GRAMBLING, La. (KSLA) - Triplets, Stevie, Steven, and Stephon Wilson, are set to graduate from Grambling State University the week of April 12, carrying on the tradition as fifth generation graduates from the university; their family has attended Grambling since the 1950s. All three grew up in Winnfield, La.
Stevie Wilson, the firstborn, says he has thoroughly enjoyed his time at Grambling State University. He was a member of the Grambling State University World Famed Tiger Marching Band and was involved in several other organizations.
“My time at Grambling has been amazing,” Stevie said. “It’s been like nothing else. Sure, it was tiring and I would doubt myself at times, but I kept pushing myself forward. I’ve learned how to prioritize my time. I’ve learned to not care what others say and to just keep on moving along and doing the right thing, having a positive mindset and not allowing others to steal that. I’ve continued to stay positive and stay true to myself.”
After graduating, Stevie will attend a virtual Medical College Admission Test (MCAT) prep program with the University of Miami in preparation for taking the MCAT. After, he plans on applying to medical school next cycle.
“It feels awesome,” Stevie said about graduating. “It feels like a relief to be able to go out into the world and make a difference.“
According to Grambling, the biology major was first inspired to pursue a career in medicine when his grandmother had bilateral knee replacement surgery. He watched and saw the compassion and attentiveness of the doctors, nurses, and other medical professionals who helped her heal. He says he will work towards changing the distrust of doctors in the African American community.
“You often see Black entertainers and sports stars, so why not doctors?” Stevie asked. “We need doctors. We need Black doctors. They are the ones making a difference. It makes it feel like I could be the change and we need that. I want to be that difference and help heal this world, heal this country, break those barriers regarding health disparities, not just people of our color, but of all colors, of all races. I want them to know they will be taken care of and trust that I will do the right thing with their life in my hands.”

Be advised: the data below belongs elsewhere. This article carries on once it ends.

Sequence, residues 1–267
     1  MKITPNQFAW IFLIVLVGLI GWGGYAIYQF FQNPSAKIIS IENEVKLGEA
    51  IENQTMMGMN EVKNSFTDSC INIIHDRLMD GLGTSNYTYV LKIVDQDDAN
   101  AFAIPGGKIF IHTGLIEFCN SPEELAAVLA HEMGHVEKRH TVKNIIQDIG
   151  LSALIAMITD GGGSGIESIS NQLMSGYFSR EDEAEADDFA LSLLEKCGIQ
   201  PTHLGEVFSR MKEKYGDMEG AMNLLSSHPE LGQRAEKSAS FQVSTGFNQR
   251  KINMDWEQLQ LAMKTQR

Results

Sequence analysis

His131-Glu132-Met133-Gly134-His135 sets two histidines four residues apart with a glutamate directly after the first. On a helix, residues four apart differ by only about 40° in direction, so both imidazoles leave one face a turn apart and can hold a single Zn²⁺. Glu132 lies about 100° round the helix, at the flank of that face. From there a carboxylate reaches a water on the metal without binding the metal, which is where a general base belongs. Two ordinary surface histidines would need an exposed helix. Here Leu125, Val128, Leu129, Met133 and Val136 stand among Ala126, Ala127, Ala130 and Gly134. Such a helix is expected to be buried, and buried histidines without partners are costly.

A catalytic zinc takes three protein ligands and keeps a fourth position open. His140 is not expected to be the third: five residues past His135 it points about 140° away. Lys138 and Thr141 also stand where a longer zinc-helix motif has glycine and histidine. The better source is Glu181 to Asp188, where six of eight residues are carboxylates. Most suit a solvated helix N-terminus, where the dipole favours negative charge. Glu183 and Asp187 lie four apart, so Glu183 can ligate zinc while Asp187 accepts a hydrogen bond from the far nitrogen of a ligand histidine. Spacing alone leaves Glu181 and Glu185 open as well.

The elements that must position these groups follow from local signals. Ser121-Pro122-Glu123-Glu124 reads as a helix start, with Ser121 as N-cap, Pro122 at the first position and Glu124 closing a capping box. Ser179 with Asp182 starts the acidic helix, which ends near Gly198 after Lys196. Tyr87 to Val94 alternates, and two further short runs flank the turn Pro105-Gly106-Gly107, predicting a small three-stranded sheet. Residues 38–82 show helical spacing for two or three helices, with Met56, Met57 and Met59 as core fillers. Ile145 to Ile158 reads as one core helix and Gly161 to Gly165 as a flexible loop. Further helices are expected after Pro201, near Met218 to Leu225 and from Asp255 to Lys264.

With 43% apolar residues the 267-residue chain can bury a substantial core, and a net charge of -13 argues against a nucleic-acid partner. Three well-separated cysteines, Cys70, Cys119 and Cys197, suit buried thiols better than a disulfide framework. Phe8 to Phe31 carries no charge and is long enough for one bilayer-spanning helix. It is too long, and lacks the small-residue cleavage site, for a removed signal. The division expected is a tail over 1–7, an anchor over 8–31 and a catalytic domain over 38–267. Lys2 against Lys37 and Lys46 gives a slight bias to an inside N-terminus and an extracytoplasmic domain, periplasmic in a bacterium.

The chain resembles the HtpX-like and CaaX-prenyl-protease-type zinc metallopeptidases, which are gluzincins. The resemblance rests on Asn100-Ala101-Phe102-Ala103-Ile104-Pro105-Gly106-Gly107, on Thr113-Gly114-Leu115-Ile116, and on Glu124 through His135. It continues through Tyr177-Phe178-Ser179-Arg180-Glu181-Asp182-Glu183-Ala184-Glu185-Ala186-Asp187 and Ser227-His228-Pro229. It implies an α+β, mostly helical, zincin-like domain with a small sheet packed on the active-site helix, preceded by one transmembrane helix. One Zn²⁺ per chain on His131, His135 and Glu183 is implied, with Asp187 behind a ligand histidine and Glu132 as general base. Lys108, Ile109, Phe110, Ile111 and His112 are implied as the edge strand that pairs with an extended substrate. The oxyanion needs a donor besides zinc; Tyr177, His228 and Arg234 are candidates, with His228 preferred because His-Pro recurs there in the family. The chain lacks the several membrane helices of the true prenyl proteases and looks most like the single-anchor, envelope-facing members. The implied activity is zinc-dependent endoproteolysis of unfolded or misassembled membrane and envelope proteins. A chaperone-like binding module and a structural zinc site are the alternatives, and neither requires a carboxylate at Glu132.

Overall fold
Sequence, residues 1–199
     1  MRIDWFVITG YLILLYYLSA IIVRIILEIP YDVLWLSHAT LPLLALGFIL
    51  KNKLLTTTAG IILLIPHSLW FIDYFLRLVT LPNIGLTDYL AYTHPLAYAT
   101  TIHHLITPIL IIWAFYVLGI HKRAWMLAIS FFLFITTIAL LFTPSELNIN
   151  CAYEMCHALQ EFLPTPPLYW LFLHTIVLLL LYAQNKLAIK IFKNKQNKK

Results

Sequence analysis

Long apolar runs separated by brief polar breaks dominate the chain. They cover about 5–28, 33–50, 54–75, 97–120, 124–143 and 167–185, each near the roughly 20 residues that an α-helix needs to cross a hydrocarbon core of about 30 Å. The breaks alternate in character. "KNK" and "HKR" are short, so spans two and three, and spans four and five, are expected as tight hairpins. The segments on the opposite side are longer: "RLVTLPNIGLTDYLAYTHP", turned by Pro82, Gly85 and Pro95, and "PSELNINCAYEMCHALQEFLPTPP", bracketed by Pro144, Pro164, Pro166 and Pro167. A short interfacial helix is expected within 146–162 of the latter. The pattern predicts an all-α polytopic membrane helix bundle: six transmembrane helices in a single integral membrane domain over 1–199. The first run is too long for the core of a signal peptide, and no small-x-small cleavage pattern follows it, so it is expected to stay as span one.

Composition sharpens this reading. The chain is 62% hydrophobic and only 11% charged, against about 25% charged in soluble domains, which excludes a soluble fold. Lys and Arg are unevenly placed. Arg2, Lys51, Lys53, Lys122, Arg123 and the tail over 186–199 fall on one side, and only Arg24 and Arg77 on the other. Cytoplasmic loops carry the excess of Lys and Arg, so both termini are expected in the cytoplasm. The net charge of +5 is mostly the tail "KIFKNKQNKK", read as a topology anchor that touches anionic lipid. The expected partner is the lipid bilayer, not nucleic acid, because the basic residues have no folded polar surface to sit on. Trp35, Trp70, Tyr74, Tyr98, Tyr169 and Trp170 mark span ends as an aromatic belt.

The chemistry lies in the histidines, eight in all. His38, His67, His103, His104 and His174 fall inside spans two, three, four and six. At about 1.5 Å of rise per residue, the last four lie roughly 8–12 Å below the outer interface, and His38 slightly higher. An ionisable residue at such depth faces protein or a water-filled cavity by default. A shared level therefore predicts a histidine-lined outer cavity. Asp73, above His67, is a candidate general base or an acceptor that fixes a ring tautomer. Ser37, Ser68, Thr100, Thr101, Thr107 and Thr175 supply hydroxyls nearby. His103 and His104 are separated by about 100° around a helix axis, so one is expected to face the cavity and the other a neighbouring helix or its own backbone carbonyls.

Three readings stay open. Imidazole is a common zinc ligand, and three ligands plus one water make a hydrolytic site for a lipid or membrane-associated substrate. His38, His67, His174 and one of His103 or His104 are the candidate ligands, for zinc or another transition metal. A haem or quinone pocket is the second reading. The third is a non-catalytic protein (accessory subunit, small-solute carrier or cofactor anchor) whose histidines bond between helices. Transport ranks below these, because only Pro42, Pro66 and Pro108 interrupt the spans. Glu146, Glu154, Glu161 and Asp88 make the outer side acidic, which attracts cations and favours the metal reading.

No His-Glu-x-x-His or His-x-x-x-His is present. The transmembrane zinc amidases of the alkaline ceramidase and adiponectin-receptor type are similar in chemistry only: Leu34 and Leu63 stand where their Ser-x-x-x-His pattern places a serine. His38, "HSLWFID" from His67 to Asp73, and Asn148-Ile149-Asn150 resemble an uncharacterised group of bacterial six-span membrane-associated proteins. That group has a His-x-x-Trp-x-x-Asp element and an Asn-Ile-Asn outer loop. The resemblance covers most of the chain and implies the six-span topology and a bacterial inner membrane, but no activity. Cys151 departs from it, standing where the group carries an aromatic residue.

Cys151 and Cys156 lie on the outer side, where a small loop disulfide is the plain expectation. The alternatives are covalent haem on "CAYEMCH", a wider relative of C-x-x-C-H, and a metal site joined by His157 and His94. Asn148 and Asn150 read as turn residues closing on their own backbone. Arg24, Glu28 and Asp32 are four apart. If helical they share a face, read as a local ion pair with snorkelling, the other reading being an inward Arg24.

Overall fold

“Representation matters. More importantly, Black health matters, and a lot of Black people don’t trust the medical field,” said Stevie, referring to the Tuskegee experiment. “[Some people in the African American community] Don’t have faith in doctors. My passion is to be a medical doctor because too many people of color and [in] different ethnic groups are dying because they aren’t being heard. This field is in need and I want to be a part of that. I want to be able to help heal this world.”
To those thinking of attending Grambling or potentially pursuing a career in the medical field, he says it’s not easy, but worth it.
“There is a light at the end of the tunnel,” Stevie said. “Just know you can do it. Continue to believe in yourself and do not give up. Don’t let anyone tell you what you cannot do because you are capable of doing anything you set your mind to.”
Steven, the middle of the Wilson triplets, was very active on campus, serving in the Student Government Association (SGA) the last four years. He says his time at Grambling was nothing short of amazing.
“Coming in as a nervous, shy freshman who didn’t know anyone, but was still 45 minutes from home, it was great,” Steven said. “I served in student leadership in SGA all four years and being able to meet big name people like Magic Johnson, the head of AT&T, meeting those people just shows you are somebody. Like the university’s motto says, ‘the true place where everybody is somebody.’ My freshman year, I applied for the freshman vice president position, ended up getting it, and was eventually appointed to freshman president in my spring semester. The experience for me, serving in student leadership, was phenomenal being an advocate for the student body and getting to meet with the faculty and administration to discuss things important to the students.”
After graduating, the biology major says he will take a gap year to get some more clinical studies and gain experience before applying to medical school to become an anesthesiologist. Like his brother, Stevie, Steven is also emphatic about minority representation in the health industry.